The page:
It Girls, Powerful Women & Media Culture: Why Women Can Never Simply Be

It Girls, Powerful Women & Media Culture: Why Women Can Never Simply Be

marilyn as clara bow

Recently on RTÉ 2FM, I chatted to Ryan Tubridy about about the resurgence of the It Girl, a term and phenomenon that first emerged in the 1920s. The original It Girl, Clara Bow, became a global superstar, embodying a free-spirited, seemingly authentic, sexy-but-not-scarily-so charm which tallied perfectly with the hedonism of the era. The demise of the Roaring Twenties and the arrival of Great Depression led to the implosion of her brief but spectacularly bright career. Clara battled mental health demons for the rest of her days, stemming from horrific childhood abuse at the hands of an unstable mother who tried to murder her in her sleep and an alcoholic father who raped her. She remarked, somewhat prophetically when one considers the It Girls who followed later like Marilyn Monroe and Edie Sedgwick, ‘a sex symbol is a heavy load to carry when one is tired, hurt and bewildered.’

In the decades that followed the term was used intermittently, resurfacing with a vengeance in the late 1990s after a seven-page New Yorker profile anointed the then little-known-outside-of-NYC-fashion-circles Chloe Sevigny the It Girl du jour. At present, the It Girl mantle is slapped on notable females from widely varying fields, many of whom are grown women rather than girls, with well-established, hard won careers which are at odds with the kind of transitory allure implied by the label. For every Paris Hilton there are It Girls winning Oscars, heading up NGOs and reporting from war zones, rather than quaffing champers with Daddy’s credit card and a teacup-sized dog stashed in their oversized, over-priced handbag.

The It Girl persists in a modern context for a number of reasons, key among these I would argue is the simple fact that she sells. In an age of dropping advertising revenue and a 24 hour news media increasingly taking its cues from online, the need for cheap, readily available content is unending. Slapping the It Girl label on a youthful, successful and attractive girl/woman is handy way of generating buzz, ensuring links gets clicked or a glossy mag gets purchased. It Girls work fantastically well on social media, particularly the likes of Instagram and Tumblr, which capture the kind of lifestyle envy these girls/women inspire in ordinary folk. It Girl social media accounts are also easy to plunder for the aforementioned cheap, shiny content. Just like in the 1920s, everyone wants It, even if they’re not entirely sure what It is.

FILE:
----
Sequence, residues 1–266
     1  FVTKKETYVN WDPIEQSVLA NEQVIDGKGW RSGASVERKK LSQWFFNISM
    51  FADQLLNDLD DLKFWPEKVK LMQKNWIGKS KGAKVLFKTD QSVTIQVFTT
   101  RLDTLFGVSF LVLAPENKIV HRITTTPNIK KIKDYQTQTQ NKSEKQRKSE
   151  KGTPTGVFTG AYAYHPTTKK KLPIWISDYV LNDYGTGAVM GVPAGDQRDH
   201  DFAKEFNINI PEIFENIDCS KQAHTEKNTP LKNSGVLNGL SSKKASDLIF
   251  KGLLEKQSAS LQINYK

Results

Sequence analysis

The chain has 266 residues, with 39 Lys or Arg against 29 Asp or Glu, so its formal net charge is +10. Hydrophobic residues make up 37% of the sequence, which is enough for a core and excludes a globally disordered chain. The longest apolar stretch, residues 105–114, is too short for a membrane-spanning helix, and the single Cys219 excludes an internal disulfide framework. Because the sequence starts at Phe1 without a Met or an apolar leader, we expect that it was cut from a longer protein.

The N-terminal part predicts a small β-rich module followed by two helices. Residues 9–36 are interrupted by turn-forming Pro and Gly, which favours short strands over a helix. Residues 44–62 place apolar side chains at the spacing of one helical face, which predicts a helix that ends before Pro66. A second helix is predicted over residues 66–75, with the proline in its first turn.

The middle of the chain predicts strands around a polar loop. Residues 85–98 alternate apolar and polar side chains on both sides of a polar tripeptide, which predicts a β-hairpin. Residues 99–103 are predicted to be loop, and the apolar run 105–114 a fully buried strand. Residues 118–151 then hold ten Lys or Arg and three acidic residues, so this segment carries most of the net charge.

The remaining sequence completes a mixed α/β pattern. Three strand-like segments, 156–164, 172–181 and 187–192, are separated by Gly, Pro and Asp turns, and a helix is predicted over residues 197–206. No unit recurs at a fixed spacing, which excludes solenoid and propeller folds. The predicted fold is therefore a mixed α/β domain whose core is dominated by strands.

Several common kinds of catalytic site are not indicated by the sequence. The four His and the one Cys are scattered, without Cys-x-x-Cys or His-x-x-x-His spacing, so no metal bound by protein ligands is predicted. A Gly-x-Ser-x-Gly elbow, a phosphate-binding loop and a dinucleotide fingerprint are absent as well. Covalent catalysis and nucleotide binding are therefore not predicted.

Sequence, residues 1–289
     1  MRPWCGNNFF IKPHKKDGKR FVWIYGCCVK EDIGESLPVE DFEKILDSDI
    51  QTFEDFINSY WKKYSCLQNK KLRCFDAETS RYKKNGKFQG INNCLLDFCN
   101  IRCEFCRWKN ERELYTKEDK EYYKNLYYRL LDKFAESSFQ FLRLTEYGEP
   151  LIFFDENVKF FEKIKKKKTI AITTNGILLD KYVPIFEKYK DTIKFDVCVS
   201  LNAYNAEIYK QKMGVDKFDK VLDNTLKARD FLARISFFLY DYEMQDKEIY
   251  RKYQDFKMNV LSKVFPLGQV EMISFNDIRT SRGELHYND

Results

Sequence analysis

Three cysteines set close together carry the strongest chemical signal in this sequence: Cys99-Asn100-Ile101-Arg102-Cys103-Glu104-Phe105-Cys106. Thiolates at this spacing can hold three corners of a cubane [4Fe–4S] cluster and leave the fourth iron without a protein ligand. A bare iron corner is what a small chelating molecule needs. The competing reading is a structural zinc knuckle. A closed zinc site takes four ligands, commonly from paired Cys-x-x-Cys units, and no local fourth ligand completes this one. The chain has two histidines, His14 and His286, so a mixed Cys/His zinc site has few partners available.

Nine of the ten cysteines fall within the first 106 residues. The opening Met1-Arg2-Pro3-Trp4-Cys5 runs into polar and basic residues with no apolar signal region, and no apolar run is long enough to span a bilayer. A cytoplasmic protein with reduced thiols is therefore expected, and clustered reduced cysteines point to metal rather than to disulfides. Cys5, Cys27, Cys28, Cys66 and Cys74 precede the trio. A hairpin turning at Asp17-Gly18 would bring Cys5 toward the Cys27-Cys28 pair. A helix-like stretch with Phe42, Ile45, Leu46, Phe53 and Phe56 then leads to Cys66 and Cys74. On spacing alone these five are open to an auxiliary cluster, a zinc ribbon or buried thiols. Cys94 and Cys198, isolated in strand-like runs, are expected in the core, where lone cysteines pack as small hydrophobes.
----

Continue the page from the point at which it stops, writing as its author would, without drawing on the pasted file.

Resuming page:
It Girl, as you may have gleaned, is far from a straightforwardly positive label. As Helen Anne Peterson notes in an excellent Buzzfeed article on the term’s re-emergence, christening someone an It Girl is perhaps ‘the ultimate backhanded compliment’.  In doing so, editors and journalists acknowledge the subject’s accomplishments but package them in a palatable, cosy way for consumption, keeping things quirky, flirty and fun, while neutering anything truly transgressive or – God forbid – political. In christening a girl/woman It, editors and journalists trap high profile girls/women within the term’s limitations. No one by reason of their humanity can remain an It Girl forever and ‘girl’ is still, to our shame, used pejoratively, as something weak-limbed, passive and non-threatening. It is interesting too to note the proliferation of the term at a time when women are asserting themselves through feminism once again, demanding to be heard and seen, making their presence felt in male-dominated realms as never before. In this context, the It Girl label is a handy, inoffensive little box to usher uppity women into, so their aspirations and rights-demands don’t overwhelm their ability to look sweet in a pretty dress, which is of course paramount at all times.

As an aside, it’s been interesting to research the It Girl phenomenon during the week unphotoshopped images of Beyoncé and Cindy Crawford were leaked, when Kate Middleton’s grey hair became a talking point and actresses took to the red carpet during awards season, pleading to be asked about something other than what dress they were wearing. Almost a century after Clara Bow turned the world on in the film It, we are no closer to simply letting women be. Western culture and media is still preoccupied with finding ways to put women in their place, to diminish their power, to punish them when they overstep boundaries that are written in shifting sands. The treatment of high profile women is a warning shot to all women. To dismiss such events as media storms is to underestimate the power culture and the institutions which create it exercise over our lives and sense of self. Culture is the soup we swim in and its toxic elements demand our critical engagement. It is only by challenging and interrogating what we are exposed to that we can begin to change it. And change it we must.

Photo: Marilyn Monroe as Clara Bow, Life Magazine, 1957, Richard Avedon

Skinny By Any Means: Why Are Women Told To Starve Themselves?

Is there anything worse than food poisoning? Quite possibly, yes, but when you’re in the throes of its horrors it is difficult to imagine a nastier state.  Fortunately for me, I’m finally crawling out from under the food poisoning rock, which began explosively on Sunday night and left me in a weak, aching heap for two days. Being too sick to eat however has its high points, as my friends (tongue-in-cheek) pointed out: you lose weight! And that’s good, right?

Norma was going to eat the damn sandwich, enjoy the damn sandwich & she didn't give a twopenny hoop what anyone else thought about it!

Well , of course it isn’t. The fact that I was sick negates surely any ‘benefits’, at least to my mind, but the idea that ‘skinny by any means is a worthy pursuit’ persists culturally. How many times a day do we see headlines screeching about the latest fad diet or exercise regime or miracle supplement? How many times are celebrities – who have the finances and time to overindulge their physiques -used to exemplify the perfect body? Too many, I suspect, too many even for the most sane woman not to find herself goaded into thinking, at least for a moment or two, ‘wow, I really should skip dinner/ run  for three miles a day/ go on that diet where you eat nothing but cabbage soup.’